Make them in the same way, but instead of tieing them in cloths lay them in a buttered dish and bake them.
Always choose the clearest of baking apples, prick them rather deep with a pointed knife in several places, and put them in a moderate oven upon a baking plate; when half done squeeze them pretty flat with the hands, strew them on both sides with powder sugar, and put them again into a soaking oven, with some more sugar over them. Keep them in a dry place.
Peel some golden pippins, core them whole, and stew them to three parts with sugar and a little water; make the sirup pretty rich to clog to the apples; wrap them round with a thin paste, cut with a paste-cutter, and make knots or flowers with the same paste to put on the top of the apples; rasp some sugar over, and bake a very short time.
Bake or scald eight or nine large apples; when cold pare and pulp them through a sieve, beat this up with fine sugar; put to it the whites of four or five eggs that have been beaten with a little rose water; mix it a little at a time, and beat it till it is light; heap it on a rich custard or on jelly.
Pare, core, and cut into thin bits, some good stewing apples; stew them till tender, with a little water, two cloves, a bit of cinnamon, and the peel of half a lemon; pulp half a pound through a sieve, and add the same weight of brown sugar, the juice of a lemon, and the whites of two eggs; beat them all together for an hour. Serve it upon rich cream, or a boiled custard, in a glass dish. It may be made in the same way as the gooseberry tool, as may also stewed rhubarb.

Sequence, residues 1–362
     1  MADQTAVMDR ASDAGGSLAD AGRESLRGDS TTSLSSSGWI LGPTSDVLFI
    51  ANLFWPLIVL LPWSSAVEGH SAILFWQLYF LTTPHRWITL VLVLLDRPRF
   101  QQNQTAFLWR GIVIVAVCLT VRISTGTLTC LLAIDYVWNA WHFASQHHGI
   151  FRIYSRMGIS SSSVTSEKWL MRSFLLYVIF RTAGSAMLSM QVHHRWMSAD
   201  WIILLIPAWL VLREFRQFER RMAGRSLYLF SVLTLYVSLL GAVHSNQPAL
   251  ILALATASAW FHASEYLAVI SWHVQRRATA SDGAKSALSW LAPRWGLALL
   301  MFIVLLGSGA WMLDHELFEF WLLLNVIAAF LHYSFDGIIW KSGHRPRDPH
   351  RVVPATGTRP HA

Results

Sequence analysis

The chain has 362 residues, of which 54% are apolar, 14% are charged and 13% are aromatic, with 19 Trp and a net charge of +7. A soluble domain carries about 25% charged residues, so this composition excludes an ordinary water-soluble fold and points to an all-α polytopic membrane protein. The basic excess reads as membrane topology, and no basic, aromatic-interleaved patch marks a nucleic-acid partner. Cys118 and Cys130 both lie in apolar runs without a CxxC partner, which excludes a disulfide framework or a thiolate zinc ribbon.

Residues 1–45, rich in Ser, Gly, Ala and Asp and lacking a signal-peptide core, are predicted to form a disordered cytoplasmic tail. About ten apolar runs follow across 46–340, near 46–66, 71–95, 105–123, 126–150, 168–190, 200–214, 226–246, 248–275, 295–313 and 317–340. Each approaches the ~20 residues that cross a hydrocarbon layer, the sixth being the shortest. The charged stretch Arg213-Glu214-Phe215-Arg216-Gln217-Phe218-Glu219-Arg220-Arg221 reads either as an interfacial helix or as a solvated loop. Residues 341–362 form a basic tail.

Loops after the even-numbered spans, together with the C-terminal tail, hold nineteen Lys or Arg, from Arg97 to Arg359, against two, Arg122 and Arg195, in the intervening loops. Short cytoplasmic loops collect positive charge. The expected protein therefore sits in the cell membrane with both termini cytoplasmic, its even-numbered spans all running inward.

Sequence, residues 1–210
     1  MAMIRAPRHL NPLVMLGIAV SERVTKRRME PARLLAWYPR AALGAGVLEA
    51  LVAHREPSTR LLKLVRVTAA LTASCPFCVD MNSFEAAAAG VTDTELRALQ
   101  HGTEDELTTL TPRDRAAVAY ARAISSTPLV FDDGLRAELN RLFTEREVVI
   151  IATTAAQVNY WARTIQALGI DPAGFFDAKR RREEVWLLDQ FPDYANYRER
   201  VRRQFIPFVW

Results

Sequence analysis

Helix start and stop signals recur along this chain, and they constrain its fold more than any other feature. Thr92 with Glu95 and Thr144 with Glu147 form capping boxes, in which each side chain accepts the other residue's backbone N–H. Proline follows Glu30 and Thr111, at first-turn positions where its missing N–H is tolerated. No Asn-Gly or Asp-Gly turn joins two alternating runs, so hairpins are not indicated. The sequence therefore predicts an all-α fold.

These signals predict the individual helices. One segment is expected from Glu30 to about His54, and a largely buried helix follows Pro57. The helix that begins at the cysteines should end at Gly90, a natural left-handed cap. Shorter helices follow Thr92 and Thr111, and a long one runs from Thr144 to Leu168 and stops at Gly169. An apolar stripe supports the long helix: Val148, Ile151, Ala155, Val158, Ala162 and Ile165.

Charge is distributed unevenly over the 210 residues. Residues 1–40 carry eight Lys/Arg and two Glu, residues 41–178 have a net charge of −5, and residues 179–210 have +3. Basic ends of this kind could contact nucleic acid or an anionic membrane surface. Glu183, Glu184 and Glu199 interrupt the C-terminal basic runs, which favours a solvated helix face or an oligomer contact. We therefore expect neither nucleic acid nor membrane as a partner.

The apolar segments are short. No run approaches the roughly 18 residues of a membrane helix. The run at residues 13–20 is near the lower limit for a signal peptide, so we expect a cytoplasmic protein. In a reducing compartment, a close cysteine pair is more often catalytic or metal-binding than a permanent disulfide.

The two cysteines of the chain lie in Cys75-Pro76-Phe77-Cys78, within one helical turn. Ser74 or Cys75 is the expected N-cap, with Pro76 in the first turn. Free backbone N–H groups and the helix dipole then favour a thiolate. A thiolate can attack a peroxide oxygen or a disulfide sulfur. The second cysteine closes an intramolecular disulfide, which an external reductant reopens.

Cut apples into thick slices, and fry them of a clear light brown; take them from the pan, and lay them to drain; they may be pared or not; then make a batter. Take five eggs, leaving out two whites, beat them up with cream or flour, and a little white wine, make it of the consistence of pancake batter; pour in a little melted butler, mixed with nutmeg and sugar. Let the batter be hot, and drop in the fritters, laying on every one a slice of apple, and then a spoonful of batter on each. Fry them of a pale blown, when taken up, strew double-refined sugar all over them.
Peel a dozen of apples and leave the tails; gore at the opposite side not quite through, and boil them with half a pint of red wine, some sugar-, and a spoonful of brandy, simmer slowly that they may not break; when nearly done, take them out, reduce the sirup to a caramel, and put in the apples, rubbing them all over with it; or you may wrap them in a paste, rasp sugar over, bake a short time, and glaze with a white glaze.
Cut some apples very small, stew them with a little white wine, grated lemon-peel, pounded cinnamon, and brown sugar; mash them, and spread it over pancakes; roll them up, and serve with sifted loaf sugar over them.